The powers of investigation granted to the NCW or NCPCR appear to be comparable to those granted to the CCPA. However, significant differences between these authorities develop as a result of the outcomes of such probes or investigations. Whereas the NCW and NCPCR are only regulatory authorities with the authority to propose criminal action or seek injunctive relief from the State, the CCPA has been legislatively empowered to issue enforceable orders. The CCPA has the authority to issue the following orders under the 2019 Act:

  • Recalling of goods or withdrawal of services;
  • Reimbursement to purchasers;
  • Discontinuation of unfair practices;
  • Discontinuation of advertisements;
  • Penalty for misleading advertisements;
  • Prohibitory order against endorser of misleading advertisements;
  • Penalty on publisher of misleading advertisements.

Noncompliance with the aforementioned instructions would result in criminal charges (including imprisonment and/or a fine).8 In addition to the authority to issue the aforementioned directives, the 2019 Act designates the CCPA as the sole authorised complainant for initiating criminal complaints against manufacturers or service providers who cause the publishing of fraudulent or misleading advertisements.9 This provision is aggressively worded and calls for jail and a fine as punishment.

Functions of CCPA

The CCPA’s functions are as follows: 

  • To safeguard, promote, and enforce the rights of consumers as a class, as well as to prevent violations of consumers’ rights under this Act;
  • Prevent unfair trade practises and ensure that no one engages in unfair trade practises; ensure that no false or misleading advertising of any goods or services is made that violates the provisions of this Act or the rules or regulations made thereunder; and 
  • Ensure that no one participates in the publication of any false or misleading advertisement.

Significance of CCPA

  • The establishment of a centralised consumer protection body instils trust in customers, ensuring them that their rights are cherished and safeguarded.
  • The CCPA encourages healthy competition among firms by prohibiting unfair trade practices, which ultimately benefits consumers by providing higher-quality goods and services at lower rates.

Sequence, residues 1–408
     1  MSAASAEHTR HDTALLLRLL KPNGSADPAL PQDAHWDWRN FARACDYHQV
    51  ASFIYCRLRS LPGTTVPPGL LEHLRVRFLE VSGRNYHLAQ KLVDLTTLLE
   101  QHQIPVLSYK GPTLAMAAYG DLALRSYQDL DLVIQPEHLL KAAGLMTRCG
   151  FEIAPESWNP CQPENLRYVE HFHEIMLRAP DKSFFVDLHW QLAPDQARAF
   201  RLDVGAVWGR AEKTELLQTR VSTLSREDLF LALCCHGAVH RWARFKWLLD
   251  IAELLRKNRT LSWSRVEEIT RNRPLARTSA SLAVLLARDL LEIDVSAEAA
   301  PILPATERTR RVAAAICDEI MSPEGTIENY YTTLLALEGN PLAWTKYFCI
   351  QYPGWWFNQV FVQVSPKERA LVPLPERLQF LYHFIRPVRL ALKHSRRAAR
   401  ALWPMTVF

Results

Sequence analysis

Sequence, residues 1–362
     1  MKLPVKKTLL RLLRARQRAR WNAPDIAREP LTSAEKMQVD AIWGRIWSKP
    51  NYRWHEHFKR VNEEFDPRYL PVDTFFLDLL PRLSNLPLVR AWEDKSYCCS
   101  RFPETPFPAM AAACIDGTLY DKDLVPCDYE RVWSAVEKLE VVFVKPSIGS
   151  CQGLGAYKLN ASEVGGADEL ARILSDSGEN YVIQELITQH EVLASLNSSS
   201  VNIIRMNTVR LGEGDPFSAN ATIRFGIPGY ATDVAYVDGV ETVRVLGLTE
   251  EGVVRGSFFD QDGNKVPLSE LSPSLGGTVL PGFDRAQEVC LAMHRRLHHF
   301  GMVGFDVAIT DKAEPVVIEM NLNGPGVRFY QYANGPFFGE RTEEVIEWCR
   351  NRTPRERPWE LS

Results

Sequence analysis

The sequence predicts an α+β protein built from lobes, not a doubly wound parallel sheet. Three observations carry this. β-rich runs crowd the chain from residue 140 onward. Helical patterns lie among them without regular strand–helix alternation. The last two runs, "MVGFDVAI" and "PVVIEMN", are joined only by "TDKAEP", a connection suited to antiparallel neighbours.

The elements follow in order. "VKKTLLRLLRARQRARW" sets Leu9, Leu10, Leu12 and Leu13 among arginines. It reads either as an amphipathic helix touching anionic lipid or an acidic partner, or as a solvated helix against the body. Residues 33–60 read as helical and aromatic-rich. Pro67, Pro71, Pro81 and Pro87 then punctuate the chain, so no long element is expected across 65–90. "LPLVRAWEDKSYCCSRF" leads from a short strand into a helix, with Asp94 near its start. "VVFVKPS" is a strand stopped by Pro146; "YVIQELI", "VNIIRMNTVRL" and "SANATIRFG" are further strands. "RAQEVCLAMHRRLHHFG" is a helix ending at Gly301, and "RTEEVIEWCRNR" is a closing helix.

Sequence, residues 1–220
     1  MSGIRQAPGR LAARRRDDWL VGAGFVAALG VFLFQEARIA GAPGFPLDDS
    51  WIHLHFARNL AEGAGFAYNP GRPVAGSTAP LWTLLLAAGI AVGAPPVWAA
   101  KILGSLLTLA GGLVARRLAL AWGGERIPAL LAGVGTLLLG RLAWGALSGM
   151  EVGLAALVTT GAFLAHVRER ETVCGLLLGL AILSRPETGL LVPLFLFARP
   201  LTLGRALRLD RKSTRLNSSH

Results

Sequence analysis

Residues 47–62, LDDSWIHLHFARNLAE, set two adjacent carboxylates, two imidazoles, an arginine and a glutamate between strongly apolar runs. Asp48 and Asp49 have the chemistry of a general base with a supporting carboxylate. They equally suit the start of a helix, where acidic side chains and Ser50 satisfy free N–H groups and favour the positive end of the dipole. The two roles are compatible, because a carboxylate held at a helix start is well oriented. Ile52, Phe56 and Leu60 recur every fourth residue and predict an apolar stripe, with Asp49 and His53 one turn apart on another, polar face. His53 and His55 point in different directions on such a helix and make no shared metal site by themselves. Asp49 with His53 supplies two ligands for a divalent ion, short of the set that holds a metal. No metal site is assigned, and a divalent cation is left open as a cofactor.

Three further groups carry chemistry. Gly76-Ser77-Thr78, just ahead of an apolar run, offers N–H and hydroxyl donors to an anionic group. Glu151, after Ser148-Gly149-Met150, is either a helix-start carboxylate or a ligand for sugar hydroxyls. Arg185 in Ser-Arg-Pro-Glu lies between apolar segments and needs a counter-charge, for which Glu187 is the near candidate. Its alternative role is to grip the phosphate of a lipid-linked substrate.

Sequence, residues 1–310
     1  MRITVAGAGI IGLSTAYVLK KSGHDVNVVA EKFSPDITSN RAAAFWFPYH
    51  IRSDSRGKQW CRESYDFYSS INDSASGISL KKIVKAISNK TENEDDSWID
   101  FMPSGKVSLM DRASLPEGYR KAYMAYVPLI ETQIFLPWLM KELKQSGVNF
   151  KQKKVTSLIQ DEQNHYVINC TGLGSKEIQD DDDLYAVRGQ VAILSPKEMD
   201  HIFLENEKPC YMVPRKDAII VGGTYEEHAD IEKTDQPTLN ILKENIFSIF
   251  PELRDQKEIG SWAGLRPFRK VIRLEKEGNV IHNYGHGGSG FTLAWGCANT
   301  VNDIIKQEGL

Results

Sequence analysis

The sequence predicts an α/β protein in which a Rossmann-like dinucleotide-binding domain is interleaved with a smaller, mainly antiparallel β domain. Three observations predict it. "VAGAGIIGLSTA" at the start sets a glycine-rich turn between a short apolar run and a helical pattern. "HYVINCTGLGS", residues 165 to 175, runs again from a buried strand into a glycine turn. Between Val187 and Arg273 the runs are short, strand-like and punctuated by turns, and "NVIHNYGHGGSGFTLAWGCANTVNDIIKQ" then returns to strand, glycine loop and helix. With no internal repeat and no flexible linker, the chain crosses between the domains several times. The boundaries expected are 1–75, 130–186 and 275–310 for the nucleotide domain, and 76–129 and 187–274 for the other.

• The CCPA’s efforts to provide accurate and transparent information enable consumers to make educated decisions, reducing the dangers associated with inaccurate or misleading product information.
  • The authority’s capacity to rapidly evaluate and respond to consumer complaints guarantees that consumers have a dependable path for obtaining justice and compensation in the event of a grievance.


In India’s consumer protection environment, the Central Consumer Protection Authority is a significant agency. Its creation demonstrates a commitment to protecting consumer rights and maintaining a fair and competitive market environment. The CCPA plays a critical role in empowering consumers and establishing a culture of responsible corporate practices by enforcing consumer protection legislation, combating unfair commercial practices, and advocating for consumer welfare. As India’s economy expands, the CCPA’s responsibility in maintaining a fair playing field for consumers and companies alike will become increasingly important. 



1.  Consumer Protection Act, 2019, s.10(1), No.35, Acts of Parliament, 2019 (India)

2.  Consumer Protection Act, 2019, s.13(3), No.35, Acts of Parliament, 2019 (India)

3.  Consumer Protection Act, 2019, s.15, No.35, Acts of Parliament, 2019 (India)

4.  Consumer Protection Act, 2019, s.18, No.35, Acts of Parliament, 2019 (India)

5.  Consumer Protection Act, 2019, s.22, No.35, Acts of Parliament, 2019 (India)

6.  Union of India v Agarwal Iron Industries, (2014) 15 SCC 215

7.  Tata Chemicals Ltd. v Commr. of Customs, (2015) 11 SCC 628

8.  Consumer Protection Act, 2019, s.88, No.35, Acts of Parliament, 2019 (India)

9.  Consumer Protection Act, 2019, s.92, No.35, Acts of Parliament, 2019 (India)